US biotechnology giant has presented clinical data showing that its anaemia drug Aranesp appears to be safe and effective when the dosing is extended.

Results of a Phase II trial, presented at the 14th European Cancer Conference in Barcelona, Spain, indicate that extending the dosing of Aranesp (darbepoetin alfa) paired with chemotherapy treatment (every two or three weeks depending on chemotherapy regimen) appeared to be effective in maintaining levels of haemoglobin and, importantly, no unexpected adverse events were observed compared to weekly dosing.

This study is the first prospective trial that demonstrates how different dosing regimens can be paired with chemotherapy administered across a range of dosing schedules, the group said. "Flexibility in dosing is important for physicians to optimise anemia management and meet patient needs," explained Timothy Rearden, a haematology oncology consultant. "In this study, Aranesp was consistently effective regardless of dosing frequency, providing healthcare professionals with the ability to adapt Aranesp treatment as required," he added.

In addition, Amgen said that results from two analyses suggest that patients treated with Aranesp needed less blood transfusions and experienced an improvement in haematologic response. Furthermore, there was no evidence to suggest a negative impact on overall survival or progression-free survival between patients receiving chemotherapy with Aranesp and those that did not receive the drug, it noted.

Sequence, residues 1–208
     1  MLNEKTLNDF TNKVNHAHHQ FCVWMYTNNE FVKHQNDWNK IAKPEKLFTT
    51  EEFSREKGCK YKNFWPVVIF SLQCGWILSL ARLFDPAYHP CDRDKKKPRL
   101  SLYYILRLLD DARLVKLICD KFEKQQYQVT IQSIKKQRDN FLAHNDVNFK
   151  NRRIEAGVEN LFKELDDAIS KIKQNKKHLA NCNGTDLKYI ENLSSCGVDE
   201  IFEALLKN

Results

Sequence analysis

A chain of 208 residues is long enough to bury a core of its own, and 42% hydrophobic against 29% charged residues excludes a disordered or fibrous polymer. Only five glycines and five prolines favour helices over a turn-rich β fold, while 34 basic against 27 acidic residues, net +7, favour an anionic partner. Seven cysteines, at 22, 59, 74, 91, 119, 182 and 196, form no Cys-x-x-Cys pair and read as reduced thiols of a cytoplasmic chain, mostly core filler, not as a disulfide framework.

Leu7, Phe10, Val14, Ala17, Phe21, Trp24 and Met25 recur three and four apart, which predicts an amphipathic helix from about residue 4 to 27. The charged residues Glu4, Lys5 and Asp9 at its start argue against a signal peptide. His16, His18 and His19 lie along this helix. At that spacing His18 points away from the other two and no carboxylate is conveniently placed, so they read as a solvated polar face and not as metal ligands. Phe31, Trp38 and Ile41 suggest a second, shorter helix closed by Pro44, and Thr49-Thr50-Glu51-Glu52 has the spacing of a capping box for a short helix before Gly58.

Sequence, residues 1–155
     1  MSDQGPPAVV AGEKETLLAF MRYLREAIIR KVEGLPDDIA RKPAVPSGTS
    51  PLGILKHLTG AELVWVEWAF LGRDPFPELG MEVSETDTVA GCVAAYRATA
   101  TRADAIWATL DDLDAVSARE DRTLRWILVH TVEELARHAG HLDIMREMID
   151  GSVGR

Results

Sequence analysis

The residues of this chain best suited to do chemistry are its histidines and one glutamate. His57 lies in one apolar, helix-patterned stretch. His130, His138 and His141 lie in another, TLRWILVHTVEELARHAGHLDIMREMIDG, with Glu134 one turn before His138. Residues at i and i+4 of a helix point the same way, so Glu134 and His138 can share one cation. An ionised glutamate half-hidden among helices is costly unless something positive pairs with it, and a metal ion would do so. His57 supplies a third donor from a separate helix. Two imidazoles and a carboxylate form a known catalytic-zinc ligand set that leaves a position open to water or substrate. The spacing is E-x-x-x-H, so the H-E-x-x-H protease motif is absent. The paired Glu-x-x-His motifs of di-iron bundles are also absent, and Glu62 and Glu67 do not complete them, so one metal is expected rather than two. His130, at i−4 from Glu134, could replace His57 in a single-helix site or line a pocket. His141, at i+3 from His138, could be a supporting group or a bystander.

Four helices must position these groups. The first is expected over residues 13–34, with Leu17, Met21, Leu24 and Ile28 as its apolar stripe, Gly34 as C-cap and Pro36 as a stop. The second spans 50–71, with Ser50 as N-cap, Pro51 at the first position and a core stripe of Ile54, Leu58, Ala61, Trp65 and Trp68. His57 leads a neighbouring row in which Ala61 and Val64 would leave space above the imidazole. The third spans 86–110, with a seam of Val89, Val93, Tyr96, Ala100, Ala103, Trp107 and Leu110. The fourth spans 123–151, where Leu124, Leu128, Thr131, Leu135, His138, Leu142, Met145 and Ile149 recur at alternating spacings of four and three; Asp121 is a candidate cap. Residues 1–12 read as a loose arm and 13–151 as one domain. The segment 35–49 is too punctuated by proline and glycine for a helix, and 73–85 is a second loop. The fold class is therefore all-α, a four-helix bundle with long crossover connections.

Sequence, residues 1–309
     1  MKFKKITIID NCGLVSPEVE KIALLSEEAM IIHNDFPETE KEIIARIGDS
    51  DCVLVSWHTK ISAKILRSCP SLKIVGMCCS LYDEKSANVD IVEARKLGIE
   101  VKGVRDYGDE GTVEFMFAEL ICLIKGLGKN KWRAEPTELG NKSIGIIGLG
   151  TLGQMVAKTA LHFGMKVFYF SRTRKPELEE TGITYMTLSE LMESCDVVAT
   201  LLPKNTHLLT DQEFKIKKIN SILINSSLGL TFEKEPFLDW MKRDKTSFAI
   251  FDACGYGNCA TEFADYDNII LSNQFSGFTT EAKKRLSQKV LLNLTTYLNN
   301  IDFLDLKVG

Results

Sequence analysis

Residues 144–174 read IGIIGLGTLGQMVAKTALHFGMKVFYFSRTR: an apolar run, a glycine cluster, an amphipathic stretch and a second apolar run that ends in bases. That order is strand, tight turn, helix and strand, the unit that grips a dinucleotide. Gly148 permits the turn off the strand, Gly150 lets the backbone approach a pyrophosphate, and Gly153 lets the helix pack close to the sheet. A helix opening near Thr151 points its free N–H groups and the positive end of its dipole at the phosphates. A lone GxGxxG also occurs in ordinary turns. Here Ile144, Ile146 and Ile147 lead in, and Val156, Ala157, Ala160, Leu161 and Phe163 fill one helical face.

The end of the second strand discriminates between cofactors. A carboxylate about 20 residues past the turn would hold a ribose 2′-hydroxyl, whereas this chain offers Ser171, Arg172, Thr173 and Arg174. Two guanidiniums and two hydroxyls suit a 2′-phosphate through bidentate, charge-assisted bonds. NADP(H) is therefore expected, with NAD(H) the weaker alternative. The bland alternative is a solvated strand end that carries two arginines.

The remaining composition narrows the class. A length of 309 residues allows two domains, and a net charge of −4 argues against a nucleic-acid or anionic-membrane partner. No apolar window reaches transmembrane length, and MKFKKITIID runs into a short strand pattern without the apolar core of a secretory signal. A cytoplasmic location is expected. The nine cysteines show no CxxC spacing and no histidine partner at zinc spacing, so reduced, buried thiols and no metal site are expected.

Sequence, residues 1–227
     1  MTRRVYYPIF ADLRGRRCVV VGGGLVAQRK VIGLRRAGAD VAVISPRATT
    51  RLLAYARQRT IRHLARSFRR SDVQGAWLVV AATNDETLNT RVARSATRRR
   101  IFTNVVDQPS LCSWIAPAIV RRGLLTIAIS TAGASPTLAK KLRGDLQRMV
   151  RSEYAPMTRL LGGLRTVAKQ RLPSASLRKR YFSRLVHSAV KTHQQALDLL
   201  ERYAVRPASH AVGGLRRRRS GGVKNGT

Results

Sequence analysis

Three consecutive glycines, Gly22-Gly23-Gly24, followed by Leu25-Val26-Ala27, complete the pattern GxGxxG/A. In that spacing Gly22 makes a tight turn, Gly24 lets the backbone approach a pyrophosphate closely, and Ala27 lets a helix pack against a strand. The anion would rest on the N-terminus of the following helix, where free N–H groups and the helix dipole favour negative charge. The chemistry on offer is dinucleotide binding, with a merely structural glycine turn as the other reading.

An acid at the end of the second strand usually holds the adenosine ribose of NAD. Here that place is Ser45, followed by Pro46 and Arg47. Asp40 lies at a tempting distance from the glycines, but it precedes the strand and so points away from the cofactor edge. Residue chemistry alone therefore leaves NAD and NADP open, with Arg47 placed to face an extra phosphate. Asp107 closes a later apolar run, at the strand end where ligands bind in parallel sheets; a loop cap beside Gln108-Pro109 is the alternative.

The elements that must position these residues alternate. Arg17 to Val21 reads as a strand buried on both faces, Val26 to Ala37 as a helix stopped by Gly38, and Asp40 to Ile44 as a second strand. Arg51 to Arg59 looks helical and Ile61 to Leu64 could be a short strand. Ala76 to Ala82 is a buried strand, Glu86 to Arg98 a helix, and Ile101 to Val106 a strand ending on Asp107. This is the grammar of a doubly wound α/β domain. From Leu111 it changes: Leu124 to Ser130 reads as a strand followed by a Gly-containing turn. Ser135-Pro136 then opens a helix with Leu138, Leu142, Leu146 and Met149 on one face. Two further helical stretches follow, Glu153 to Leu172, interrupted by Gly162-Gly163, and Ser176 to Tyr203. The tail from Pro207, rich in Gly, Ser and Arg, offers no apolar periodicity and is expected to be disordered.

Safety concerns

Aranesp was first approved by the US Food and Drug Administration in September 2001 for the treatment of anaemia associated with chronic renal failure. But sales of the drug have been in decline since its safety, and that of others in the erythropoiesis-stimulating class, came into question after studies indicated an increased risk of death, blood clots, strokes and heart attacks in patients when ESAs were given at higher than recommended doses. Consequently, stronger warnings were added to the drugs’ labels.

To make matters worse, Medicare has restricted reimbursement for the ESA class, a move that Amgen is currently contesting. According to one analyst, "Amgen will likely lose at least 40% of their US Aranesp revenue by 2008 with even greater downside possible for both Aranesp and Epogen (epoetin alfa) if reimbursement and regulatory decisions go against them."

And just to days ago Amgen unveiled plans to lay off more than 1,000 employees, including 675 at its headquarters in California and the remainder at its facility in West Greenwich, Rhode Island, according to media reports, as part of moves announced last month.

In August, Amgen's chief executive Kevin Sharer initiated a massive cost-cutting effort, which included the loss of between 2,200 and 2,600 jobs as part of a bid to save between $1 billion and $1.3 billion in 2008.